In honor of the upcoming bicentennial of Abraham Lincoln's birth, the U.S. Mint is giving the 100-year-old Lincoln penny a new look. The front will continue to show his profile, but the Lincoln Memorial on the back will be replaced by images that are intended to evoke different aspects of his life, such as a log cabin and young Abe sitting on a log, reading. This is expected to create a big buzz in the coin-collecting world, but in truth, the only makeover the penny needs is a disappearing act.
The shiny copper veneer of pennies made after 1983 hides a heart of zinc, and even so, depending on the value of the metals involved, the cent sometimes costs more than a cent to make. Lincoln, a self-taught man born to poverty, knew the value of a penny back when it had real value, and most likely he would have found its continued existence wasteful and downright silly.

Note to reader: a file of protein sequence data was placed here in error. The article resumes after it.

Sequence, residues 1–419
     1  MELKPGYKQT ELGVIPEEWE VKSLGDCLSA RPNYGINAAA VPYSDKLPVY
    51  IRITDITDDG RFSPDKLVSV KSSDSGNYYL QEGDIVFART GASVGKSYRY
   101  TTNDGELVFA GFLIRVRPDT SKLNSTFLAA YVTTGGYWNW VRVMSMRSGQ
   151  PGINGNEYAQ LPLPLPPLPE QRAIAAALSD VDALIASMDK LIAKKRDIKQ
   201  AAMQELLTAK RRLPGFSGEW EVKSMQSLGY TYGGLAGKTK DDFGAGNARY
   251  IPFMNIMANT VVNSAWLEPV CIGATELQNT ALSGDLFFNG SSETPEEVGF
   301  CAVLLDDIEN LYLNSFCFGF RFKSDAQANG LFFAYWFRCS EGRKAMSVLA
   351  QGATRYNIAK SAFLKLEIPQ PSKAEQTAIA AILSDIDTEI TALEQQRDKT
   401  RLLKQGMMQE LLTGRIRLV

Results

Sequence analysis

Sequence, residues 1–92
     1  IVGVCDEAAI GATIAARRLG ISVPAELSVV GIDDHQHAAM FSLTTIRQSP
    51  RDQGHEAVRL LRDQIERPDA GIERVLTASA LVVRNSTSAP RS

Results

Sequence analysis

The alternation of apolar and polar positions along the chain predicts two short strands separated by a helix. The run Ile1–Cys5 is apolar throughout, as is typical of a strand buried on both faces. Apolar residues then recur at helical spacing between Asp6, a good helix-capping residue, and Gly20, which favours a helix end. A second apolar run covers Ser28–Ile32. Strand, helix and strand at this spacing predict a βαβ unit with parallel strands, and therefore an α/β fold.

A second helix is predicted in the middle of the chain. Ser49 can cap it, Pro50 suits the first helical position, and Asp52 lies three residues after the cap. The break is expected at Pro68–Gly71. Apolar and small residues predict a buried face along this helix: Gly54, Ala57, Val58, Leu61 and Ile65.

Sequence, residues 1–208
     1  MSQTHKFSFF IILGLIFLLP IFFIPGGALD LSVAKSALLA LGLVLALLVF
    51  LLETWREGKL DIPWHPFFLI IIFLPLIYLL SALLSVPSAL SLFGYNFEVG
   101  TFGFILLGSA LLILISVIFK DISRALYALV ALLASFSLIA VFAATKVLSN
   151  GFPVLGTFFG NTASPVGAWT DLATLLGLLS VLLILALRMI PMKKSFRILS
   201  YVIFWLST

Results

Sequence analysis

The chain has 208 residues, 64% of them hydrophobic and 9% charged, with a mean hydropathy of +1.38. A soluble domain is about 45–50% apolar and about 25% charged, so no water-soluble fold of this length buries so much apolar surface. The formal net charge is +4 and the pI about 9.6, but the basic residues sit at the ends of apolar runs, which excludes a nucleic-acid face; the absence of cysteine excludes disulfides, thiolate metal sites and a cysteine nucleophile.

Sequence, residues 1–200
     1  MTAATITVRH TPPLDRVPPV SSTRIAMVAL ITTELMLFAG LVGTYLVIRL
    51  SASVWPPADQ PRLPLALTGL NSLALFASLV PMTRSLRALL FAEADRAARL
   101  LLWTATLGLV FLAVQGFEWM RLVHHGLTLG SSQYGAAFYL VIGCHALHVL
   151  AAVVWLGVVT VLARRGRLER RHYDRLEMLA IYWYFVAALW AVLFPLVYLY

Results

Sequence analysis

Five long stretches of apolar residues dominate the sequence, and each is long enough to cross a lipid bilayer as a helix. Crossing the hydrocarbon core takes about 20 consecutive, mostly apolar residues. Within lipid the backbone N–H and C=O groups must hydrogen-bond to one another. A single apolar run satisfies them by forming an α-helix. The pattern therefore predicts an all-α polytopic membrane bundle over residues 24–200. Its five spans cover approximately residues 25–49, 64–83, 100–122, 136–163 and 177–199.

Except as a coin to rummage around for in your pocket or purse -- hoping to come up with the right change lest the cashier dump more pennies on you -- the cent has outlived its usefulness. Phasing it out would require simply that we round amounts off to the nearest nickel, which might sound frightening to those who watch their pennies. No doubt there were similar fears when the United States stopped coining the half-cent in 1857. Even back then, the copper was worth more than the coin itself.